Chairman Of Illinois Panel Investigating Madigan Has COVID-19

Rep. Chris Welch, D-Hillside, says he has mild symptoms and hopes to keep a Dec. 14 date for the committee’s next hearing.

Illinois House Speaker-ComEd Official
Illinois state Rep. Emanuel "Chris" Welch, D-Hillside, addresses Illinois House Minority Leader Jim Durkin, R-Western Springs, during the first meeting of the Special Investigating Committee II in Springfield, Ill. Thursday, Sept. 10, 2020. Ted Schurter / ASSOCIATED PRESS
Illinois House Speaker-ComEd Official
Illinois state Rep. Emanuel "Chris" Welch, D-Hillside, addresses Illinois House Minority Leader Jim Durkin, R-Western Springs, during the first meeting of the Special Investigating Committee II in Springfield, Ill. Thursday, Sept. 10, 2020. Ted Schurter / ASSOCIATED PRESS

Chairman Of Illinois Panel Investigating Madigan Has COVID-19

Rep. Chris Welch, D-Hillside, says he has mild symptoms and hopes to keep a Dec. 14 date for the committee’s next hearing.

An influential Illinois lawmaker who chairs the committee charged with investigating House Speaker Michael Madigan has tested positive for COVID-19.

Rep. Emanuel “Chris” Welch, D-Hillside, said he started feeling symptoms Wednesday and that they remain mild.

“Felt something new each day … so I was tested,” Welch told WBEZ on Sunday.

He said he received the positive test results this weekend and that he can trace the transmission to a family member in his bubble who has also tested positive.

Welch leads a special bipartisan House panel tasked with investigating Madigan for alleged conduct unbecoming of a legislator.

The House GOP took the extraordinary step of creating that committee in August after Commonwealth Edison admitted to federal prosecutors that it provided jobs, contracts, a board appointment and internships to gain Madigan’s favor in exchange for favorable legislation.

Madigan denies wrongdoing and he has not been charged with a crime.

This month, U.S. Attorney John Lausch’s office charged Michael McClain — a close confidante of Madigan’s and a former ComEd lobbyist — in the long-running bribery scheme. Three other former ComEd lobbyists and executives were also charged.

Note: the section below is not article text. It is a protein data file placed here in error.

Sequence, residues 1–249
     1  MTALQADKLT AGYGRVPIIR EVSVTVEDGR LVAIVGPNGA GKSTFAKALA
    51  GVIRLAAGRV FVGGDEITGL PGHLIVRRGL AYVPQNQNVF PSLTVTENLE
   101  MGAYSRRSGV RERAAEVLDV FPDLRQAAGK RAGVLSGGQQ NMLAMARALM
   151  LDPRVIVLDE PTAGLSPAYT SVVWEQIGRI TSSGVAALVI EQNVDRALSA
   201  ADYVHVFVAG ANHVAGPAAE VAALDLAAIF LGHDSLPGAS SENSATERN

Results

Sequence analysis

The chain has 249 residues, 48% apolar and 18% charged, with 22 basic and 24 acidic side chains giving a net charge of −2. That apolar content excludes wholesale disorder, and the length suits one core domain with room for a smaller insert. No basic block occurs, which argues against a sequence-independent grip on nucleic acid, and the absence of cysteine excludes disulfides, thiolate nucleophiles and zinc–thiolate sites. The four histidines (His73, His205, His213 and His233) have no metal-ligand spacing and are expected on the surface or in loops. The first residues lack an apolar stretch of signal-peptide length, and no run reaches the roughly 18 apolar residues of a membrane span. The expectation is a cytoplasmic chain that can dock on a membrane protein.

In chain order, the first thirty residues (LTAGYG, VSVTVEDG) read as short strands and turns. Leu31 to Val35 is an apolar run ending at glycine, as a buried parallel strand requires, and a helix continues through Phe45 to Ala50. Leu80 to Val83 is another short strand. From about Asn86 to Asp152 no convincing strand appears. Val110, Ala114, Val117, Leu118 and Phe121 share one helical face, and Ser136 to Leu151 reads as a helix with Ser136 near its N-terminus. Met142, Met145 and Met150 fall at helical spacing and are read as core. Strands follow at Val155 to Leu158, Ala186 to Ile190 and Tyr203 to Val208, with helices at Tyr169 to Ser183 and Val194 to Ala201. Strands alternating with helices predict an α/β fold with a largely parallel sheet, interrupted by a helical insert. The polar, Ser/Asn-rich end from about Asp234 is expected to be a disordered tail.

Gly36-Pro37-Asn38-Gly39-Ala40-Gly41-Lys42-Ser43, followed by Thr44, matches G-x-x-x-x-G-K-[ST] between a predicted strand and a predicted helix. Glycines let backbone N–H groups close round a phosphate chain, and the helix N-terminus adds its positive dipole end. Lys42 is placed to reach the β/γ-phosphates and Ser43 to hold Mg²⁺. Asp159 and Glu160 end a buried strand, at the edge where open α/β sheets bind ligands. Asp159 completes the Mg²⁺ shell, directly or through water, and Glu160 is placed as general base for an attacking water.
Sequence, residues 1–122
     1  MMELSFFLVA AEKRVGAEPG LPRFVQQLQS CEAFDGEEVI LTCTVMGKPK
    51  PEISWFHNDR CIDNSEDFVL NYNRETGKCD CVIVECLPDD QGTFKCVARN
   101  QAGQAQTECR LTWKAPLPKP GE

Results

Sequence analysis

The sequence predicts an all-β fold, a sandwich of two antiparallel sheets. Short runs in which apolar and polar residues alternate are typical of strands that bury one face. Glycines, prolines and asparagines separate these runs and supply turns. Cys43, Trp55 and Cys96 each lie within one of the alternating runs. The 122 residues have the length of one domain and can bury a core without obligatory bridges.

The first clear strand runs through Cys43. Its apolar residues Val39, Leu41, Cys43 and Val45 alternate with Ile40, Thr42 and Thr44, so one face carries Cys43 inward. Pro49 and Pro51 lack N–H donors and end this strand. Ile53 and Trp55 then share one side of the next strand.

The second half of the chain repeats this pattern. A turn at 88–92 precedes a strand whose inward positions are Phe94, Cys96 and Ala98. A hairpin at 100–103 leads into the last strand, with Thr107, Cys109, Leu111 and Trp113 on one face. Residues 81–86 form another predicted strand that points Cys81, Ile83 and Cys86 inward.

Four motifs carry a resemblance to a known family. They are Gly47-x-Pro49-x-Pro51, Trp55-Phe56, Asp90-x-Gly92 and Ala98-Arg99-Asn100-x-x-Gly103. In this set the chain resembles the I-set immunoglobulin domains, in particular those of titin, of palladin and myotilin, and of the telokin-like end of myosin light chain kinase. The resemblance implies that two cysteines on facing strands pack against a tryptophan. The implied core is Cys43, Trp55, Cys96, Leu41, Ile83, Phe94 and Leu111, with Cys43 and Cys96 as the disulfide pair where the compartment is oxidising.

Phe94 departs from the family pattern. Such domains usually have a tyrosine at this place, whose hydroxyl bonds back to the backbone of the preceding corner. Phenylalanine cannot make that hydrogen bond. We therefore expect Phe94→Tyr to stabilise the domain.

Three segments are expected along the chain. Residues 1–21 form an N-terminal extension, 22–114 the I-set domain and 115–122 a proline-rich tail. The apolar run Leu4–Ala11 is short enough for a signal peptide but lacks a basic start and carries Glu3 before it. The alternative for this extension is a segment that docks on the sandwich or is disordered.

All four have issued statements to the media that they did nothing wrong. They’re expected to plead guilty or not guilty in front of U.S. District Judge Harry Leinenweber on Wednesday.

But the indictments prompted a fresh wave of House Democrats to call for a new House speaker — a post Madigan has held for all but two years since 1983. If those Democrats stick to that stance into January, when the winners of November’s election are sworn in, Madigan could lose the speaker’s gavel.

Welch has resisted GOP calls for the committee to compel Madigan to testify by issuing subpoenas to the Democratic speaker and the four indicted ComEd lobbyists and executives. All of them have declined to voluntarily appear before the committee, prompting Republicans to accuse Welch of inhibiting the committee’s work to benefit Madigan. Another former ComEd lobbyist has also declined to testify in front of the committee but has pleaded guilty.

WBEZ obtained documents showing Madigan tried to get state jobs for a half-dozen people with close ties to Welch, including relatives. Those relatives did not ultimately obtain the jobs.

So far, only a current ComEd executive has testified before the legislative panel. The utility also presented a cache of emails to the committee on Wednesday evening, as public attention shifted to Thanksgiving.

Those emails revealed that Madigan, who also co-owns one of Chicago’s biggest property-tax appeal firms, appeared to show repeated interest in who was doing property tax work for the largest utility in Illinois.The emails also disclosed for the first time that the power company secretly paid a $4,500 monthly consulting fee to Cook County Recorder of Deeds Ed Moody, a key Madigan ally. Moody, a Democrat, is a veteran precinct captain from the speaker’s home ward on Chicago’s Southwest Side.

Welch said, despite his COVID-19 diagnosis, he hopes to keep a Dec. 14 date for the committee’s next hearing.

Tony Arnold covers Illinois politics for WBEZ. Follow him @tonyjarnold.